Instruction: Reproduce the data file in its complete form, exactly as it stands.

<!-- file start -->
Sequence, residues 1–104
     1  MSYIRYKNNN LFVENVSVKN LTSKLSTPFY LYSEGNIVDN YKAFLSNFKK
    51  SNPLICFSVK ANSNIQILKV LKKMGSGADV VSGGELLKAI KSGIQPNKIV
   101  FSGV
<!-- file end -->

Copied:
Sequence, residues 1–104
     1  MSYIRYKNNN LFVENVSVKN LTSKLSTPFY LYSEGNIVDN YKAFLSNFKK
    51  SNPLICFSVK ANSNIQILKV LKKMGSGADV VSGGELLKAI KSGIQPNKIV
   101  FSGV